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Nomuken Can’t Keep Away From Skylines

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Nomuken Can’t Keep Away From Skylines


I am continually taking swipes at Japanese auto manufacturers and their obvious lack of interest in giving us fun cars.

We are continuously told that sporty cars are not what the Japanese and global market wants or needs; that young men are not interested in cars as a hobby; that they prefer hybrids and over-designed crossovers that offer no utility or benefits; and that any attempt at making something fast, sporty and potentially tuneable will not yield the profits that the bean-counters want to see. Sure. Okay. Whatever. I guess the new NSX will bring in a ton of earnings for Honda then, as will the spruced-up R35 GT-R which turns 10 years old in 2017 and has to stay on the market for at least another four years.

I’m told that I ‘don’t get it’, that that these are halo cars which add intangible value and brand image and therefore make total sense. Well, sure, but I’d argue that ‘lesser’ and more affordable cars do just the same, and at the same time aren’t some dream machine one could never aspire to actually owning. The new NSX costs more than twice the money the original car sold for, and the same can be said for the GT-R. Give me a Silvia, 180SX, Laurel, Chaser, Mark II, Supra, Skyline, S2000, Beat (well, Honda has given us this already with the S660 so no complaints there) or Cappuccino any day! Anyway, I’m sure you get my point.

It’s probably for this reason that, despite being very interested in the going ons of the modern day sports car market, my heart still lives in the JDM ’90s. It’s probably a sign that I’m getting old, but I don’t care; those cars did it for me in a way that nothing on the market today can match. And Ken Nomura, aka Nomuken, seems to be thinking along the same lines as he’s just spent the last few months designing a new aero kit for the ER34 Skyline – a car that was introduced in 1998. That’s 19 years ago, folks!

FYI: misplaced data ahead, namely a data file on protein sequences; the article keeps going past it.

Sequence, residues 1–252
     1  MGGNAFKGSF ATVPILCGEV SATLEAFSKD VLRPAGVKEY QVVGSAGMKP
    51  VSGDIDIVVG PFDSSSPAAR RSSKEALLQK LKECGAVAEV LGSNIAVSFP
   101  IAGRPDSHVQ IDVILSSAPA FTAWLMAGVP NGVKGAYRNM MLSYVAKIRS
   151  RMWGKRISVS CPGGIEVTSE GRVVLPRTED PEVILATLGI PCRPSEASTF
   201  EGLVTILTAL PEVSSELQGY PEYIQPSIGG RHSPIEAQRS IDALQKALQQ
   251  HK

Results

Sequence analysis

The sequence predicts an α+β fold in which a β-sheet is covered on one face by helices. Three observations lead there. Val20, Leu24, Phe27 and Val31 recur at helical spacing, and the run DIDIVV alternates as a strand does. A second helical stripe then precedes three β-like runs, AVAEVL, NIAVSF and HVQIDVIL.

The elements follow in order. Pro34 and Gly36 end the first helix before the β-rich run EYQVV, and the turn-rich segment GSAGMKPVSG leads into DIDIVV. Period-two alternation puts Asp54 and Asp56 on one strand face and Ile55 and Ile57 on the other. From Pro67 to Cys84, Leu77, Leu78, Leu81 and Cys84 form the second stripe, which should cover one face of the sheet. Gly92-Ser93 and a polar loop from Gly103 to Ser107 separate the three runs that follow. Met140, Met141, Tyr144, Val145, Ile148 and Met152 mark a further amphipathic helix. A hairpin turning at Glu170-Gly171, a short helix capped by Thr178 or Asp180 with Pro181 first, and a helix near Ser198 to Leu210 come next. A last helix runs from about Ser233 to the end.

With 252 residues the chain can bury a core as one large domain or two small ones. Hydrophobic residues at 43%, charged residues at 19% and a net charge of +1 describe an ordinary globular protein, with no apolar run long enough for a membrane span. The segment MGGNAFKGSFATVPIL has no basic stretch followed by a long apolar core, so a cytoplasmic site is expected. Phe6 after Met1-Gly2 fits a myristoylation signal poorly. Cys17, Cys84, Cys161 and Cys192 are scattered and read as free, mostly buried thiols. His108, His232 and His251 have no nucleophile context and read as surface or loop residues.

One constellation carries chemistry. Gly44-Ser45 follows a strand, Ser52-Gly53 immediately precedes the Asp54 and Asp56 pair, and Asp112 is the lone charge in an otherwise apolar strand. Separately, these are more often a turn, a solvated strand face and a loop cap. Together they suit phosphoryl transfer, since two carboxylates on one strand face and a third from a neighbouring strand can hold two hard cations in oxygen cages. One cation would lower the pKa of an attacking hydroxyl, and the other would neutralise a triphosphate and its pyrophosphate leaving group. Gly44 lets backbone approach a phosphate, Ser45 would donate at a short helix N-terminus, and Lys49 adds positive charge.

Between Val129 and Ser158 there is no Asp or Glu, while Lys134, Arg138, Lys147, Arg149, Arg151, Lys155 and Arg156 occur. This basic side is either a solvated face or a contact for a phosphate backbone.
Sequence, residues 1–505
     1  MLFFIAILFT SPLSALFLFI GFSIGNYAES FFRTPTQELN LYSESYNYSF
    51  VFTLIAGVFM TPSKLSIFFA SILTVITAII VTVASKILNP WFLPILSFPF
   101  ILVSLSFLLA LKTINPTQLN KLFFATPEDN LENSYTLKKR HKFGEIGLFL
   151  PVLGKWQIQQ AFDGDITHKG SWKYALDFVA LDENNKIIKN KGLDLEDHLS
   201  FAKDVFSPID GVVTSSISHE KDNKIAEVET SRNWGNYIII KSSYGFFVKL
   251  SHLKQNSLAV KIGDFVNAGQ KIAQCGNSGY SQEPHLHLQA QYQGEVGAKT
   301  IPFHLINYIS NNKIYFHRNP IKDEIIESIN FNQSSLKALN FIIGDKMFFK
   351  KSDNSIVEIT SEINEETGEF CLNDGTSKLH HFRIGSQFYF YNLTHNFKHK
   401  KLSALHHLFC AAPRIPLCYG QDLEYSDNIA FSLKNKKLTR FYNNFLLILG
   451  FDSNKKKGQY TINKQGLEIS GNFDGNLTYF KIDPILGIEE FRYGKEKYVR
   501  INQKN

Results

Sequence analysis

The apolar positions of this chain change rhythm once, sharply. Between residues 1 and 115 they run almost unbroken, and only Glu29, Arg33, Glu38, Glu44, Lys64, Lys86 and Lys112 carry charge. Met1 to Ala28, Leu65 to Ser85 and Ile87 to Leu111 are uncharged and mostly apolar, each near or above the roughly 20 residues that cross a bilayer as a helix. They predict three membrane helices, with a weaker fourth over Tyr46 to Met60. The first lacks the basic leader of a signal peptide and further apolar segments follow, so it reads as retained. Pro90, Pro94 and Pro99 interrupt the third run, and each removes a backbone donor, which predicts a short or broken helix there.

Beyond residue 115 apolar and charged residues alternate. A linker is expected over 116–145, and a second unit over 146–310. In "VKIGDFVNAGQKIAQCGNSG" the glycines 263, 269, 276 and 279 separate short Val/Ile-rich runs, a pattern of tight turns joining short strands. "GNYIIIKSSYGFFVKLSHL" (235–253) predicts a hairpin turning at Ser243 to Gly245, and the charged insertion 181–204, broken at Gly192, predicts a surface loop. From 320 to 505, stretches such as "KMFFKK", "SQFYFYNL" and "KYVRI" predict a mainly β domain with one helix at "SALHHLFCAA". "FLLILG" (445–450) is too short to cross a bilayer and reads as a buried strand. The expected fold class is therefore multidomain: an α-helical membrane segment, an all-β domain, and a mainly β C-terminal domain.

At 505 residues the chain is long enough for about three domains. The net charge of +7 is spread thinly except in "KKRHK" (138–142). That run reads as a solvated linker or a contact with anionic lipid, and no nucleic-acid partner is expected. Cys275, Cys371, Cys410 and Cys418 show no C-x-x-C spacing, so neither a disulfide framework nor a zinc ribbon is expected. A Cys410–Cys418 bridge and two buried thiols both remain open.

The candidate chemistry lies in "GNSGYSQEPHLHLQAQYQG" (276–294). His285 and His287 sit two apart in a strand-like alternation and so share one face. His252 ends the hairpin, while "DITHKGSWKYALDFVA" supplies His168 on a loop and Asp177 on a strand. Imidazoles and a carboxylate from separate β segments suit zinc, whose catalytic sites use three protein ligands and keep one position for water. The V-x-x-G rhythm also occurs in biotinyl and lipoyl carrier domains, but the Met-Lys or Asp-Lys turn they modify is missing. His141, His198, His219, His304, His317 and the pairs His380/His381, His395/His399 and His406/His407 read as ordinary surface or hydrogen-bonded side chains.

He may have attempted to play around with other chassis in professional drifting, but it’s obvious that nothing out there quite does it for Nomuken like the Skyline sedan. This new aero is actually less in-your-face than some of his earlier kits for the ER34; it’s got more curves, more flow to it, starting off with Nismo-inspired front fenders and bumper.

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The clean carbon fiber hood is a nice touch too, simple and effective giving the yet-to-be-painted demo car an almost race car prototype feel about it.

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There’s some serious sexiness going on at the rear too, and the white Enkei RS05RR are a top choice for the demo project, contrasting beautifully against the primer-coated aero. Special mention to the Dunlop Direzza ß02 race rubber, which has one of coolest semi-slick designs ever.

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The reprofiled rear fenders merge smoothly into the rear bumper, and if you look closely, actually over the bumper’s sides. It’s a very nice detail.

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Looking at the car from the rear I was just trying to picture it painted in one color, without any stickers, thinking it would probably end up looking 10 times better.

Nice work, Nomuken, you’re really onto something special with this car and high-five for not giving up on the Skyline!

Dino Dalle Carbonare
Instagram: speedhunters_dino
dino@speedhunters.com

Tokyo Auto Salon 2017 on Speedhunters



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